The following is a summary of a conversation that took place on October 7, 2014 as part of our evaluation of Animal Equality. Sharon spoke with Allison Smith, ACE’s Research Manager.
If AE was able to attract the amount of investment that ACE would be able to direct towards a top charity, what would the top priorities be for AE?
Over the years, they’ve learned that stability is one of the most important things for the organization. They’ve struggled a lot in the past financially, and have a great desire to be able to employ people to do the types of work that they have historically relied on volunteers to do. Coordinating volunteers takes a tremendous amount of time and it will have a greater impact on the organization to be able to employ people to do specific tasks.
With an annual budget of 200,000 Euros for 2013, AE feels as though they are too small and have lots of room to have an impact by growing the organization. With that in mind, the amount of money that could be moved to them by ACE would be put towards hiring two fundraisers to help give them greater structure and stability, and one undercover investigator to conduct investigations throughout EU member countries.
What is the relationship between Animal Equality and other organizations?
Animal Equality has an excellent relation with many organizations in the Animal Rights movement. The organization has shared investigations with lots of organizations. They find that sharing footage allows them to have more of an impact internationally. As an example thanks to sharing the End Fashion Cruelty investigation with other groups the investigation had media impact not only in the countries where AE is working but also in the US and France.
They track their time closely on a weekly basis to ensure that what they are working on is the most pressing organizational project.
This policy has resulted in Animal Equality footage being used in documentaries such as Cowspiracy, Unity and the new edition of Earthlings, has appeared in major artworks of artists such as Banksy and has been used by groups such as MFA, LCA, L214, Anima, PACMA amongst others. They believe that allowing organizations and groups with a similar mission to use their footage is very important as the footage then reaches more people.
Animal Equality is open to all sorts of collaboration; as an example, Sharon and Jose have recently worked in leadership capacities in Last Chance for Animals and Animal Equality, but they have decided to continue in leadership roles only with Animal Equality.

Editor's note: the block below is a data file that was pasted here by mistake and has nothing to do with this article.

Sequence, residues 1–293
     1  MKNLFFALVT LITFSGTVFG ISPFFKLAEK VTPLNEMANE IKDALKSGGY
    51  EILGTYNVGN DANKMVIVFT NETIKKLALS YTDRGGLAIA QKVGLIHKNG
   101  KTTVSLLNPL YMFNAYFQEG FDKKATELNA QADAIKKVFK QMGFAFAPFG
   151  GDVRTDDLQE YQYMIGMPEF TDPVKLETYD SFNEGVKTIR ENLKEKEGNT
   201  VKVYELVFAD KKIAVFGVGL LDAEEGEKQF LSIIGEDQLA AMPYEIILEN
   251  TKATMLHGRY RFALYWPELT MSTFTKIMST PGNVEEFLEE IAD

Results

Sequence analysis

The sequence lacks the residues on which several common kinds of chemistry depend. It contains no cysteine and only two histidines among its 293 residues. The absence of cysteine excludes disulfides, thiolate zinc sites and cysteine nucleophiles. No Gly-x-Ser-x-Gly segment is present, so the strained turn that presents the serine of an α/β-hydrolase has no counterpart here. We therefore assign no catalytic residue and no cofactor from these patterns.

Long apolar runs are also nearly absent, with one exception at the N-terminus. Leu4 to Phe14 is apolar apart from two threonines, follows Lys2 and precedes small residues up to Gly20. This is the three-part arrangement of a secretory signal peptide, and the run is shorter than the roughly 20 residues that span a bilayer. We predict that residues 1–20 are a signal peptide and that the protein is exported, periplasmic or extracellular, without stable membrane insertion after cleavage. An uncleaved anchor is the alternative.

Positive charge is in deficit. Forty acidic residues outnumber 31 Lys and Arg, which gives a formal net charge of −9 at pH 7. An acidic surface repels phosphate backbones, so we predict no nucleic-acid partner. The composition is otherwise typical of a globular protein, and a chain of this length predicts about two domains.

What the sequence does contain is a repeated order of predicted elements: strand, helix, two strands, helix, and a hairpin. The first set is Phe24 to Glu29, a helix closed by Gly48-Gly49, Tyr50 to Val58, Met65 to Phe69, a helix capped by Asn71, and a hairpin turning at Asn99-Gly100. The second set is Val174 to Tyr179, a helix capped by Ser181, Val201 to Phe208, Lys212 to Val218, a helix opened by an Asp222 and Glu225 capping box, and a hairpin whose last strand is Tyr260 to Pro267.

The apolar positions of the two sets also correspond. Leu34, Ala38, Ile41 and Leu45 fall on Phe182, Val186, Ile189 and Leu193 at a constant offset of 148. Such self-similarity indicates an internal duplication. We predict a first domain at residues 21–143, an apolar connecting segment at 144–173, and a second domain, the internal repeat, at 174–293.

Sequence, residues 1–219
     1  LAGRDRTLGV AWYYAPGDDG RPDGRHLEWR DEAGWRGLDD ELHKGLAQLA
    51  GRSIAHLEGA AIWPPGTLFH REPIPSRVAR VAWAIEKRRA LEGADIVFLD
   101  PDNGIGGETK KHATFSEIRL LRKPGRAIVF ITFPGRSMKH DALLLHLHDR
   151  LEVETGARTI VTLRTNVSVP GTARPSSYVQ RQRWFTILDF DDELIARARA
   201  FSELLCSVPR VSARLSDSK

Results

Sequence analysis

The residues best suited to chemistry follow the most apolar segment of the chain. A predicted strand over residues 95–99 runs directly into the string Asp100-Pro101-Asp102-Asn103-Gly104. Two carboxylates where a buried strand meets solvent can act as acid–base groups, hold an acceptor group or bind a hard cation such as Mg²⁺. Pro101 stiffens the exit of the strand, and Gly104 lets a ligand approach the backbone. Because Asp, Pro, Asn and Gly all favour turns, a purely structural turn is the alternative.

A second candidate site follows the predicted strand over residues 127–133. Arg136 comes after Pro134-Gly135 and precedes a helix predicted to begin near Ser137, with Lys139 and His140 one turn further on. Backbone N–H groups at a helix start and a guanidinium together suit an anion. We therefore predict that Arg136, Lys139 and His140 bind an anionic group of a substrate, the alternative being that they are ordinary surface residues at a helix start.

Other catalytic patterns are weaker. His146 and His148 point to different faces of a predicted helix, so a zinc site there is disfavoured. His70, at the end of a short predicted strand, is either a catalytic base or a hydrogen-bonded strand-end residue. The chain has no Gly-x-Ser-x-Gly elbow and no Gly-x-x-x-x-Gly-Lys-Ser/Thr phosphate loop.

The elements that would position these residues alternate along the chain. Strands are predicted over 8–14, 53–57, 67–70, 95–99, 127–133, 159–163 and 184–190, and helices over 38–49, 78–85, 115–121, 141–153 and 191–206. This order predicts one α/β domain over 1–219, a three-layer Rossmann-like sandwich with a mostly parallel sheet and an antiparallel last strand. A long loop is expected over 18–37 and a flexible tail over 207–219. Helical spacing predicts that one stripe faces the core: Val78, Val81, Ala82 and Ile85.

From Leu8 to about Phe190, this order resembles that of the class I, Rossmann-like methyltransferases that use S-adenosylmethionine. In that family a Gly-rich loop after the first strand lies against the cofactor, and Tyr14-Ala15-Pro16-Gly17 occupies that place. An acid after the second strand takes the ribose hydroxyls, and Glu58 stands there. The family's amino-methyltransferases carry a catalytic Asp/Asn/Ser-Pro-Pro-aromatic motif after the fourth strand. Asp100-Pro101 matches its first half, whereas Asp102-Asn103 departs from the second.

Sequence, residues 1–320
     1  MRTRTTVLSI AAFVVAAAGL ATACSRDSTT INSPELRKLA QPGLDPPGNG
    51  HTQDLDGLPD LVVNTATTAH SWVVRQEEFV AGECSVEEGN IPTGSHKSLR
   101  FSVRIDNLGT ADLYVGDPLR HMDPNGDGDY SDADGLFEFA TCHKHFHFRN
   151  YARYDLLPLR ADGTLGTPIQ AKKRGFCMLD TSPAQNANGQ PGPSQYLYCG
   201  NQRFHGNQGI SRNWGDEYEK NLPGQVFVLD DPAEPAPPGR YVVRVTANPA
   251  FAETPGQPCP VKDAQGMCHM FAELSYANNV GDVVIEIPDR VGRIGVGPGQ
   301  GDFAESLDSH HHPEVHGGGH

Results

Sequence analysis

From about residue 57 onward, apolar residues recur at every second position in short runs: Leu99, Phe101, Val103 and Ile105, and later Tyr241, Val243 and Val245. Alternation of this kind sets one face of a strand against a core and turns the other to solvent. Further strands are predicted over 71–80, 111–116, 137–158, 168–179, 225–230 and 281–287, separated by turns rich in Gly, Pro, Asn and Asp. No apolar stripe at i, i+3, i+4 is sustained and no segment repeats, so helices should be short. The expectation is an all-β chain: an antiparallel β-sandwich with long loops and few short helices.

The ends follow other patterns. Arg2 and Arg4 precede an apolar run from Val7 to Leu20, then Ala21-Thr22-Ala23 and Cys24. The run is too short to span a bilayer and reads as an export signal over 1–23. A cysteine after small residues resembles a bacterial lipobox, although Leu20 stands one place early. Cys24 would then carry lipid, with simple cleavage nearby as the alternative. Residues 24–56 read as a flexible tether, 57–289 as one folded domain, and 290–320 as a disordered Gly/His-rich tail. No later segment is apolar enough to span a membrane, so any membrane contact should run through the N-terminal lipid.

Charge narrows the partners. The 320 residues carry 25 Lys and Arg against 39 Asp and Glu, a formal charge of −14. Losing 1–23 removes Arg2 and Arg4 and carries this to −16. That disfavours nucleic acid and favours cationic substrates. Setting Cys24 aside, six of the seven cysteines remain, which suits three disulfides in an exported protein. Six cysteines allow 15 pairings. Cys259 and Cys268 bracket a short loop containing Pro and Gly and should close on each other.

How do you decide how much of your time is devoted to farmed animals?
Their organizational goal is to have as much of an impact as possible, and to efficiently reduce as much suffering as they possibly can. This is the overarching ideology that guides their decision making process. Specifically, they take three fundamental considerations into account when making these types of decisions – impact, newsworthiness, and feasibility. The organization sets goals on an annual basis and is guided by those three fundamentals when determining their priorities.
Though farmed animal work is what they mainly focus on, they also choose to do campaigns (such as the campaign against the dog meat industry in China) because they think it allows them greater access to resources and media coverage that they wouldn’t necessarily get if they only focused on farmed animals. Through this type of campaigning, they have been able to hire people that have been instrumental and tremendously beneficial to the organization.
This effect has been seen clearly in many of their campaigns. For example, with their End Fashion Cruelty campaign, they were given the opportunity to talk about the footage of the rabbit farm investigation both in terms of it being part of the meat industry and part of the fur industry. The doubled exposure they got from this allowed them to increase their fundraising and was a better usage of the footage then it would have been if the footage was only presented as being about farmed animals. They feel that they are quite good at predicting the newsworthiness of a story, and how much media coverage a story will garner.